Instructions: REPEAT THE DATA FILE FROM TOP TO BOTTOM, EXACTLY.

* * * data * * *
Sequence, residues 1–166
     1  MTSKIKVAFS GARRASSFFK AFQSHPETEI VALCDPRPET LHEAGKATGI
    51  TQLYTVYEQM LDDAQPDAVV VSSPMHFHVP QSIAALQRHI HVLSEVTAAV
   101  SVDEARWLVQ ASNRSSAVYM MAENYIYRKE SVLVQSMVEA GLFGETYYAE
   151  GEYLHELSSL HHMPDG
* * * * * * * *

Sequence, residues 1–166
     1  MTSKIKVAFS GARRASSFFK AFQSHPETEI VALCDPRPET LHEAGKATGI
    51  TQLYTVYEQM LDDAQPDAVV VSSPMHFHVP QSIAALQRHI HVLSEVTAAV
   101  SVDEARWLVQ ASNRSSAVYM MAENYIYRKE SVLVQSMVEA GLFGETYYAE
   151  GEYLHELSSL HHMPDG